The death of Murron and the reasoning of the noble had caused William Wallace to begin a revolution beginning in his own town. His passion and determination to rid the country of the English had made a lot of Scottish commoners take up arms and join him in his cause. Town after town, he and his band of men which eventually led to the joining of the forces of the Scots and the Irish, had made the townspeople consider him as a legend and tales began to spread about him (“Braveheart”).
News had reached the King of England and sent his daughter-in-law, the Princess of France, as an ambassador to negotiate some form of truce and ceasefire with William Wallace, who by now had been knighted by the Council of Scots, headed by Robert the Bruce. Wallace declined the offer of Edward the Longshanks by relaying to the future queen the haunting scene that he had stumbled on when he was a boy and when the King of England first offered a truce to the people of Scotland.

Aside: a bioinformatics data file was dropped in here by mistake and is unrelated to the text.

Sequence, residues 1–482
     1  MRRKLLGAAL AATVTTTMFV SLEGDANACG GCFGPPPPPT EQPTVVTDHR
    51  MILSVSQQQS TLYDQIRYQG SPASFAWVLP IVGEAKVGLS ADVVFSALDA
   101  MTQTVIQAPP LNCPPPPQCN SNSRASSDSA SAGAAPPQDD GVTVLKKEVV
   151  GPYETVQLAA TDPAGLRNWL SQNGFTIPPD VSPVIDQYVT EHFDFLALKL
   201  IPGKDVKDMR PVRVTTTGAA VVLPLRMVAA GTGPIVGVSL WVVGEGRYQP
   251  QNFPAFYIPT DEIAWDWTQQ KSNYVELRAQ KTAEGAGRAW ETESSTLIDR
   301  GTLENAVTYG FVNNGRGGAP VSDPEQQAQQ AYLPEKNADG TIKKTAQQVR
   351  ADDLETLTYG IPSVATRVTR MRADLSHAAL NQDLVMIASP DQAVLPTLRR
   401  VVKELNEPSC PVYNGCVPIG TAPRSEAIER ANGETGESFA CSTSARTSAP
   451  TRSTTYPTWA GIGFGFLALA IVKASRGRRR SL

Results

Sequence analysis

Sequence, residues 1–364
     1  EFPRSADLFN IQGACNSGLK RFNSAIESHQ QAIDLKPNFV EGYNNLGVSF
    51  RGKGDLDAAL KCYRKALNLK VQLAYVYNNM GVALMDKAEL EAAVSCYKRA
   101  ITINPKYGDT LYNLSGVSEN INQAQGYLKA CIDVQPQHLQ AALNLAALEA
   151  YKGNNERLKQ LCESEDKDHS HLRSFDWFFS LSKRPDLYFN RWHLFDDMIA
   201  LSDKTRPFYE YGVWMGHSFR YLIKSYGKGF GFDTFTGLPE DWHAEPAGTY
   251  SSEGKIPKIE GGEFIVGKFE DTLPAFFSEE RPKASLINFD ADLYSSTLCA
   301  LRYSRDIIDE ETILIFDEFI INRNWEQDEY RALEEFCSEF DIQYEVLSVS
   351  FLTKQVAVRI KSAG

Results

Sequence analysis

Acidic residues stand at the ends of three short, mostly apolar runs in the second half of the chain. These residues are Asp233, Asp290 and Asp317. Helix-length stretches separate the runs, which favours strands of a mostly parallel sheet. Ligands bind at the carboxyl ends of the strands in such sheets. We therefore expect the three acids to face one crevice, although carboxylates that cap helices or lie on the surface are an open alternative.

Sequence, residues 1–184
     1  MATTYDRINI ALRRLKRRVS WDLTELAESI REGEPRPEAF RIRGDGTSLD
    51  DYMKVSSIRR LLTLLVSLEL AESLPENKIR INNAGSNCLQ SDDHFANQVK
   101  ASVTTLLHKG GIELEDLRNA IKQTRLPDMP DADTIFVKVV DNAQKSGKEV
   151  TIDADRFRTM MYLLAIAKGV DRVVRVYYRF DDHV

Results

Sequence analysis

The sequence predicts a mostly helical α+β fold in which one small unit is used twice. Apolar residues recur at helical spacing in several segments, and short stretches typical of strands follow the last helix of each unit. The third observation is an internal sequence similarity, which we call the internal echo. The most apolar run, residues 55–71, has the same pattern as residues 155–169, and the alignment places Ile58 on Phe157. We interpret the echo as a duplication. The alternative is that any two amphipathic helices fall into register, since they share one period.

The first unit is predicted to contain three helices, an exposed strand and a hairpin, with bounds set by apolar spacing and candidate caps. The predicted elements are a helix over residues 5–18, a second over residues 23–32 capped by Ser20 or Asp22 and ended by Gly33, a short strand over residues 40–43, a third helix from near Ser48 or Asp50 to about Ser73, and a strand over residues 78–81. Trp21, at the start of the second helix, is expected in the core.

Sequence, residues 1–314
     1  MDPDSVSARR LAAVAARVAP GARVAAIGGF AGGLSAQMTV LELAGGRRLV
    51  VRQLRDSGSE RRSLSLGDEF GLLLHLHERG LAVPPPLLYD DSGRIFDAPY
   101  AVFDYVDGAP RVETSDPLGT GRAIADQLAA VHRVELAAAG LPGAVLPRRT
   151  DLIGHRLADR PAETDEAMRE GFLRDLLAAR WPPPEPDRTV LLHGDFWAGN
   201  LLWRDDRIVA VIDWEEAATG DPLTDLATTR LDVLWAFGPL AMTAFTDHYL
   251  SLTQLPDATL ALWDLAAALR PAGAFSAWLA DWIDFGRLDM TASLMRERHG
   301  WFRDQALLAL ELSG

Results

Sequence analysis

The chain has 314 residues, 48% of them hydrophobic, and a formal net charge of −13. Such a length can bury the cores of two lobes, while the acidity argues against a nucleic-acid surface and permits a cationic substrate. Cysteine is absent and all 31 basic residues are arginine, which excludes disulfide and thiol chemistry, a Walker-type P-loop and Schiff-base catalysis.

Not only did the Princess of France become amazed by the intelligence that Wallace had exhibited, but she also began to grow fond of him in a romantic way (“Braveheart”). When she returned to London and delivered the message of William Wallace to the king, he decided to go into war with Wallace again. This time, he was to have a larger army by tapping into the allegiances that he had formed through the years. When news of this reached William Wallace through the help of the Princess of France, Wallace went to the Council of Scots to ask them to join their cause.
Initially, Robert the Bruce gave Wallace his word and so did the other members of the council. However, on the day of the battle, Wallace first experienced betrayal when he saw two of the council men that showed up with their respective armies had turned around after being bribed by the King of England, and then later when he discovered that Robert the Bruce himself was fighting alongside the King of England as well (“Braveheart”). Upon seeing the effects of his betrayal to Wallace, Robert the Bruce was overcome with guilt and as a means to try to amend for his betrayal, helped Wallace escape the battlefield.